Another beneficial exercise is called hovering. Hovering is very similar to a plank except hovering occurs when you are on our elbows whereas a plank occurs when our arms are fully straightened with pressure through the hands. Combining a hover with a pelvic floor contraction creates at 49% greater contraction as compared to an isolated kegel.4 Typically, we don’t need to hold a kegel for as long as we may hold a hover, so I will often have patients either perform quick contractions while maintaining a hover or hold a contraction for a few seconds and then release. If performing this exercise on the ground is too difficult, start on an inclined surface and gradually progress toward the floor. Make sure that your stomach is not pushing outward or bulging. Instead, think about gently drawing your belly button and lower abdominals toward your spine.   

Lunges are another wonderful exercise to perform during pregnancy and postpartum. Inhale on the descent and perform a kegel while ascending back to an upright position. When coordinated with a lunge, the pelvic floor produces a 42% increase in strength.4 If a lunge feels too irritating for the body, performing a squat can be an acceptable alternative. While squatting, inhale on the descent and exhale during the ascent while performing a kegel. This will result in a 30% increase in pelvic floor muscle activation as compared to a kegel alone. 4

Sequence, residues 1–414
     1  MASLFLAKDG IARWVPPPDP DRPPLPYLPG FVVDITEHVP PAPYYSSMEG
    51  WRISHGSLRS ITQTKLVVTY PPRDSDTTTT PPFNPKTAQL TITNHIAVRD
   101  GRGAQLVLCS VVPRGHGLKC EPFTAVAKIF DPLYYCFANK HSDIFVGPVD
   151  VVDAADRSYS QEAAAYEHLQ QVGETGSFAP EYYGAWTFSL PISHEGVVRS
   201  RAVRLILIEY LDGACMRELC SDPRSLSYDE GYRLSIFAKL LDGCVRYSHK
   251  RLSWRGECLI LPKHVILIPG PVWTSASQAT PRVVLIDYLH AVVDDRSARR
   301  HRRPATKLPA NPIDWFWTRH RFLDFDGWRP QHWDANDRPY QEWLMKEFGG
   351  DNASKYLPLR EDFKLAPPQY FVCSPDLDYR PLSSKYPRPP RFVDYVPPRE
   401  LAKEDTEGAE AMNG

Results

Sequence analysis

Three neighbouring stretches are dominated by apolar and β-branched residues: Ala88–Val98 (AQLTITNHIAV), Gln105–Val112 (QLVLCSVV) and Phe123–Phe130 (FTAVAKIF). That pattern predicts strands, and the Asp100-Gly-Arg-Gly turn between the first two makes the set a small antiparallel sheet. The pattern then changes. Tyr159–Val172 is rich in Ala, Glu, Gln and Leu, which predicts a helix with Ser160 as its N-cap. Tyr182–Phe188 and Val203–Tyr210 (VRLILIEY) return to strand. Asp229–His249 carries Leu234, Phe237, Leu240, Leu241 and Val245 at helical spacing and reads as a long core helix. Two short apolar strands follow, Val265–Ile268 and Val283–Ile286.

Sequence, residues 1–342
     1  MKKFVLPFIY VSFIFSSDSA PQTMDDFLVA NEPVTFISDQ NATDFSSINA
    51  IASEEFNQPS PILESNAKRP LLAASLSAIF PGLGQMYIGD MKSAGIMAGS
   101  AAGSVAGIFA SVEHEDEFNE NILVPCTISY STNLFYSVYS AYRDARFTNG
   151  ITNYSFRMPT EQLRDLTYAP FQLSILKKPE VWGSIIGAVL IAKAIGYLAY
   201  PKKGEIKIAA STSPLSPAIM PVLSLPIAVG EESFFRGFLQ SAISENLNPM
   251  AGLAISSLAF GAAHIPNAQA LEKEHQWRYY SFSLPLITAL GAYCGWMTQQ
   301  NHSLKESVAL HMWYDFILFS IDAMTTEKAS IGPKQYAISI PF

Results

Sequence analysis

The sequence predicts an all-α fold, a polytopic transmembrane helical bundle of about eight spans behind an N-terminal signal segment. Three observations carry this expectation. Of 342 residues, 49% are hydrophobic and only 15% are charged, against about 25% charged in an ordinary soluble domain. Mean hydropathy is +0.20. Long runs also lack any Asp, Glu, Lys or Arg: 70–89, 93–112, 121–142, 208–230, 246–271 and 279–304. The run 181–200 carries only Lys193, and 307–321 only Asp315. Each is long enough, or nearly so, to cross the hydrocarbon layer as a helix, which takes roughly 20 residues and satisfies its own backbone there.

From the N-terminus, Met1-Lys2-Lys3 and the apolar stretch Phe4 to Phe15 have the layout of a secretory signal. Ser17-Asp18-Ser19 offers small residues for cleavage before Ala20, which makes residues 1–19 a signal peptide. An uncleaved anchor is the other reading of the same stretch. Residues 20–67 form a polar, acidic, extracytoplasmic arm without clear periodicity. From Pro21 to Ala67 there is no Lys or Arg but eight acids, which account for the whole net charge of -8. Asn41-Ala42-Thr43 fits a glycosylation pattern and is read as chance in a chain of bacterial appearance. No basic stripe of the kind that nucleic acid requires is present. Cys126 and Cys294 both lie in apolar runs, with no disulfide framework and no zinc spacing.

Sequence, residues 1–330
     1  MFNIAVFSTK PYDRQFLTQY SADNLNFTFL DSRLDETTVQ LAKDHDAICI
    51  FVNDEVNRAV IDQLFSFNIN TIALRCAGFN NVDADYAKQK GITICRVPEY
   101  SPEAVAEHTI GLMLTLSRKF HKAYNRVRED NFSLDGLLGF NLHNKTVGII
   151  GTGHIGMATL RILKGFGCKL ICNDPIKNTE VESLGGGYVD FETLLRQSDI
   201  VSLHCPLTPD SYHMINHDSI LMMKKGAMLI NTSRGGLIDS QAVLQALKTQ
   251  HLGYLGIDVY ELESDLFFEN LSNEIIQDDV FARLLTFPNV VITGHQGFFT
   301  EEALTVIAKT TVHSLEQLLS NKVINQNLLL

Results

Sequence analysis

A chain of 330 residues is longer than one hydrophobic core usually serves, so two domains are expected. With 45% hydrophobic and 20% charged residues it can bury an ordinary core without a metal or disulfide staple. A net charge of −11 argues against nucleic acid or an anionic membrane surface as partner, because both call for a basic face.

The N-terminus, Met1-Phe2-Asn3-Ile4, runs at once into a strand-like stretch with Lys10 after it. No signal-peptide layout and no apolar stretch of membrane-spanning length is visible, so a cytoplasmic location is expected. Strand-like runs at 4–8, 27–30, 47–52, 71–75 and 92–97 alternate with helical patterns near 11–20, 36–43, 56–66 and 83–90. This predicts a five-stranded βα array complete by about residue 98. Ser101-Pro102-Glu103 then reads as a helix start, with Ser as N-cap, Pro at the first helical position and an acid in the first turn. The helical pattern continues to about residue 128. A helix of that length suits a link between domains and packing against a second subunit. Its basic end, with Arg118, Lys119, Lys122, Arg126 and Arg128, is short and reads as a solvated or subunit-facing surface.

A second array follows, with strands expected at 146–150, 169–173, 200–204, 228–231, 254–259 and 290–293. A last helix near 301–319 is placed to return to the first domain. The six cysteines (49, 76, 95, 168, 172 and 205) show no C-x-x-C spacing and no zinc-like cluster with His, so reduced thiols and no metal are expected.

Another exercise that is beneficial to perform with a pelvic floor contraction is a side lying knee bent lift. You would lay on one side with your knees and hips bent and resting on top of each other. While keeping your pelvis stable and feet together, lift your top knee up from your bottom knee using your hip muscles. Inhale while relaxed and exhale while lifting the top knee and performing a pelvic floor contraction. This will create a 25% increase in pelvic floor activation.4 

Please keep in mind that everyone is different. If you are experiencing discomfort or pain with a particular exercise, start by reducing the range of motion, intensity, and/or repetition. If you are continuing to experience discomfort and/or pain, please stop the activity and reach out to a professional for further individualized care. It doesn’t mean that a particular exercise is bad, it may just mean certain adjustments need to be made for your body in order to work up to a particular exercise.  


Written by Jordan Schmidt, PT, DPT 



  1. Von Aarburg, N., Veit-Rubin, N., Boulvain, M., Bertuit, J., Simonson, C., & Desseauve, D. (2021). Physical activity and urinary incontinence during pregnancy and postpartum: A systematic review and meta-analysis. European journal of obstetrics, gynecology, and reproductive biology, 267, 262–268. https://doi.org/10.1016/j.ejogrb.2021.11.005 
  1. Kader, M., & Naim-Shuchana, S. (2014). Physical activity and exercise during pregnancy. European Journal Of Physiotherapy, 16(1), 2-9. 
  1. Lemos, A., de Souza, A., Ferreira, A., Figueiroa, J., & Cabral‐Filho, J. (2008). Do perineal exercises during pregnancy prevent the development of urinary incontinence? A systematic review. International Journal of Urology, 15(10), 
  1. Crawford, B. (2016). 3: Pelvic floor muscle motor unit recruitment: Kegels vs specialized movement. American Journal of Obstetrics and Gynecology, 214(4), 
  1. Junginger, B., Baessler, K., Sapsford, R., & Hodges, P. (2009). Effect of abdominal and pelvic floor tasks on muscle activity, abdominal pressure and bladder neck. International Urogynecology Journal, 21(1), 69-77. 
  1. Nightingale, G., Chandrakumaran, K., & Phillips, C. (2020). The effect of modified Pilates-based positions on pelvic floor electromyographic (EMG) activity; a pilot study. International Urogynecology Journal, 32(2), 287-292.